SPIS TREŚCI 2014, Tom XXXVI, Nr 216, CZERWIEC CONTENTS 2014, VOL XXXVI, No. 216, JUNE ARTYKUŁ REDAKCYJNY / EDITORIAL Chronowska J., Łabuzek K., Kukla U., Lekstan A., Okopień B.: 365 Dootrzewnowa chemioterapia perfuzyjna w hipertermii jako nowy sposób leczenia przerzutów nowotworowych do otrzewnej Hyperthermic intraperitoneal chemotherapy as a new way of peritoneal metastases treatment PRACE ORYGINALNE / ORIGINAL PAPERS Pawełczak E., Gaszyński T.: 369 Występowanie nadciśnienia tętniczego w społeczności miejskiej a promowanie zachowań prozdrowotnych The prevalence of hypertension among the urban community and promoting healthy behaviors Jerzykowska S., Cymerys M., Roszak M., Wysocka E., Michalak S., Pupek-Musialik D.: 373 Analiza wpływu krótkotrwałego wysiłku fizycznego na wybrane parametry funkcji śródbłonka naczyniowego oraz sztywność naczyń krwionośnych u młodych i zdrowych mężczyzn The analysis of the influence of short term physical effort on selected
Cytoreductive surgery (CRS) plus hyperthermic intra-operative peritoneal chemotherapy (HIPC) for gastric peritoneal carcinomatosis (PC) is controversial, and selection criteria for this treatment modality are lacking. Thirty-two patients (F/M ratio 12/20; median (range) age 58 (32-75) years) underwent CRS + HIPC with cisplatin for PC from gastric adenocarcinoma in 2010-2014. This monocentric phase-2 nonrandomized prospective study with a power of 90% aimed to improve the 1-year overall survival (OS) rate with 40% (historical reference of 52% to 72%). Median PCI score was 8 (range 1-20), number of regions involved was 6 (range 1-11). The impact of 16 prognostic factors on survival was evaluated using univariable and multivariable Cox regression models. Follow-up was complete in all patients, and closed 2 years after patient inclusion. All patients had complete cytoreduction (CCR-0) and histopathological R0 resection. PCI |/= 12 without PC on any small bowel region with 4 or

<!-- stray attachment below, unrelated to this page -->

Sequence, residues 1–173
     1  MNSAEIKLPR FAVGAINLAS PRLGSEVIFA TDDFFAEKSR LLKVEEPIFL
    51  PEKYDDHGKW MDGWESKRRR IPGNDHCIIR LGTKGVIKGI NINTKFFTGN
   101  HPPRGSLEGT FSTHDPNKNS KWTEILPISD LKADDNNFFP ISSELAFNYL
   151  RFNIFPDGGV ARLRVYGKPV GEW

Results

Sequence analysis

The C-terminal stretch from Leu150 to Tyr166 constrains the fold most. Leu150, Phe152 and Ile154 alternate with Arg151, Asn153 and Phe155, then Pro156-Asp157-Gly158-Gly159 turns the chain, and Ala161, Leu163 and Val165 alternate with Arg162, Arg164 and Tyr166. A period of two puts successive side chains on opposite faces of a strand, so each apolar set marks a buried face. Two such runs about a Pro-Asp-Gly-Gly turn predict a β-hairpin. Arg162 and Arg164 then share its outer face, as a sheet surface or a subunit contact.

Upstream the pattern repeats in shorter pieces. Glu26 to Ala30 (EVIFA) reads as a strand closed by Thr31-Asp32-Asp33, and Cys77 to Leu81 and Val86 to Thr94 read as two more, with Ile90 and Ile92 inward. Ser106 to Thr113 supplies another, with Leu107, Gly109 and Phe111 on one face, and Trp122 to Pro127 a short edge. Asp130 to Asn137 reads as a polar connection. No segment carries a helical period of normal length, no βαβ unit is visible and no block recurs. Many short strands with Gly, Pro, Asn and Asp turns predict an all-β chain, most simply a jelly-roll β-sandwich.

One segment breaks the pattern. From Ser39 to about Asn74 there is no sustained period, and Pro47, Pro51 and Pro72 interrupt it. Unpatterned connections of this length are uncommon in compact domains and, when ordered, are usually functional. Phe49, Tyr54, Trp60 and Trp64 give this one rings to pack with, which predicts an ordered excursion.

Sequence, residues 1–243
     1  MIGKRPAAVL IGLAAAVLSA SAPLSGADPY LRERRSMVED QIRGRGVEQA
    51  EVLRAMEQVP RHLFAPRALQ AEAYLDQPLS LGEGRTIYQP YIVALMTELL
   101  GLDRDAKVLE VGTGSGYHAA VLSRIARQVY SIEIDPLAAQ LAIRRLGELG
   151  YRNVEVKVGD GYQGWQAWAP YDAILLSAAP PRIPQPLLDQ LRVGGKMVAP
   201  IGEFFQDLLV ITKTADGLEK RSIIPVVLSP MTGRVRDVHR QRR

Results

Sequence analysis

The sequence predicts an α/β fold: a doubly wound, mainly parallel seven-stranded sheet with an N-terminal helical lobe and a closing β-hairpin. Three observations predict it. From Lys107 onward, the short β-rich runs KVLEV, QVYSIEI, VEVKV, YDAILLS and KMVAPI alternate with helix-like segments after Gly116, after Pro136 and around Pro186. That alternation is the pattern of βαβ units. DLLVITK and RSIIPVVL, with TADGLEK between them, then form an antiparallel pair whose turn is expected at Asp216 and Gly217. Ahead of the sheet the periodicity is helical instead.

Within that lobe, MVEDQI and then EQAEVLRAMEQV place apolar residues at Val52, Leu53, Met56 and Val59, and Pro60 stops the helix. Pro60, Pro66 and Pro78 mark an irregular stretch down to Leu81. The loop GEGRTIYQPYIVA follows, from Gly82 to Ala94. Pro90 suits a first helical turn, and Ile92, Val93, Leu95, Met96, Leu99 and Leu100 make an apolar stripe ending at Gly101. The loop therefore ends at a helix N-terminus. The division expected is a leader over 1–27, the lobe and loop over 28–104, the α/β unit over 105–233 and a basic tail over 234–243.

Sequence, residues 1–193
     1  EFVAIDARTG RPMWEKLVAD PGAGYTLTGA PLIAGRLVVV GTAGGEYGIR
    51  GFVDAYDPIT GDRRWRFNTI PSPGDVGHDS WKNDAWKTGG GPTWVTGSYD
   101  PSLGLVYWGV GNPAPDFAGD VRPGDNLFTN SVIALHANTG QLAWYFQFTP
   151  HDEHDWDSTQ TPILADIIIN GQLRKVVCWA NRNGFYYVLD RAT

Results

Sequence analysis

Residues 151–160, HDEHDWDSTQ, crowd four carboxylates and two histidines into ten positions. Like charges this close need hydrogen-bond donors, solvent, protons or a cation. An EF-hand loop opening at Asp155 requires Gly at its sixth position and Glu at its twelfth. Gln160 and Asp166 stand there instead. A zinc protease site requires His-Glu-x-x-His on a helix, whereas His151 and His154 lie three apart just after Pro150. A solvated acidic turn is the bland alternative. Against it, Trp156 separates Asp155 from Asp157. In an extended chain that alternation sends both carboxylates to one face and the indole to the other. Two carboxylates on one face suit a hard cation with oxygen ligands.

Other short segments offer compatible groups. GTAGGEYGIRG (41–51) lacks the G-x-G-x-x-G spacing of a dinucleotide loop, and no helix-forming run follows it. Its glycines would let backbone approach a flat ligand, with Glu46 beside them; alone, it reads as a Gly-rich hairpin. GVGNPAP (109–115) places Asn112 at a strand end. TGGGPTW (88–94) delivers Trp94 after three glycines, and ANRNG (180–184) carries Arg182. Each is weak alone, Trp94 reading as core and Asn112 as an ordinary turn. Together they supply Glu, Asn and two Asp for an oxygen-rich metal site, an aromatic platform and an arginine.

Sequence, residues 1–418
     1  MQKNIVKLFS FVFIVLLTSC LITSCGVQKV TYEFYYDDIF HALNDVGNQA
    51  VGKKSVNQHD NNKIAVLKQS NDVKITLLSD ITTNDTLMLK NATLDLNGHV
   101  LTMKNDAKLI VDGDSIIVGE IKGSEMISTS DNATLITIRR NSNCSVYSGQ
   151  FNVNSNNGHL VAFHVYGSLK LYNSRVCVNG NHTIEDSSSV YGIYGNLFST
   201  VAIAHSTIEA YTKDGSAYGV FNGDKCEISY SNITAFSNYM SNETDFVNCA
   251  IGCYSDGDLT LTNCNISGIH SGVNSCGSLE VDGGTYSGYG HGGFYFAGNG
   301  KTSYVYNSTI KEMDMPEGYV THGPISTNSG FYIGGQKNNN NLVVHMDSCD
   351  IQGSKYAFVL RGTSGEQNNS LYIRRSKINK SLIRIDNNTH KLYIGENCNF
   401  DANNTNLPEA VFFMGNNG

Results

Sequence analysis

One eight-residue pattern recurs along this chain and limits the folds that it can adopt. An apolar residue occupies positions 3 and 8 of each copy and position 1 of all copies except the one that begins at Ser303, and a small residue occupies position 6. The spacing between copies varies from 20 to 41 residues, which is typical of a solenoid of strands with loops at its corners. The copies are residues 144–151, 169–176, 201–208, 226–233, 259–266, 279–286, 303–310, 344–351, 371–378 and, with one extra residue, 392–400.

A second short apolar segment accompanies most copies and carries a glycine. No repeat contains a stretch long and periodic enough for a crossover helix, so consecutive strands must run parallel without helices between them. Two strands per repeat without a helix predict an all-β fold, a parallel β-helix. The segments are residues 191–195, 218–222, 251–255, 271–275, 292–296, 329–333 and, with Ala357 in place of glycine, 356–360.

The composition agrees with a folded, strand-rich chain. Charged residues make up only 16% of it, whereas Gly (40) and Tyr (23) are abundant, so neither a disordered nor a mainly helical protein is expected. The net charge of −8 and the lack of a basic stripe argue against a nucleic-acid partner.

Intraperitoneal chemotherapy is beneficial and tolerable, and physicians should present it as an option to women who have had successful cytoreductive surgery for their advanced epithelial ovarian cancer.
Group 1 - During laparotomy, after tumor removal, patients receive continuous hyperthermic peritoneal perfusion (CHPP) with the anti-cancer drug cisplatin. For CHPP, the cisplatin solution is heated and delivered to the abdomen through a catheter (plastic tube), washed through the abdomen for 90 minutes, and then drained out of the body through another catheter. At the close of surgery, a small catheter, called a Tenckhoff catheter, is left in the abdomen and brought out through the skin. Between days 7 and 12 after surgery, one dose of fluorouracil and paclitaxel chemotherapy is delivered through this catheter. The catheter is removed following complete recovery from surgery and the patient is discharged from the hospital. Four to 6 weeks after the surgery, patients have CT scans of the chest, pelvis, and abdomen, and then begin intravenous (IV, through a vein) chemotherapy with oxaliplatin, 5-fluorouracil (5-FU), and leucovorin. The chemotherapy is given in 4-week courses as follows: ...
Intraperitoneal chemotherapy in the largest biology dictionary online. Free learning resources for students covering all major areas of biology.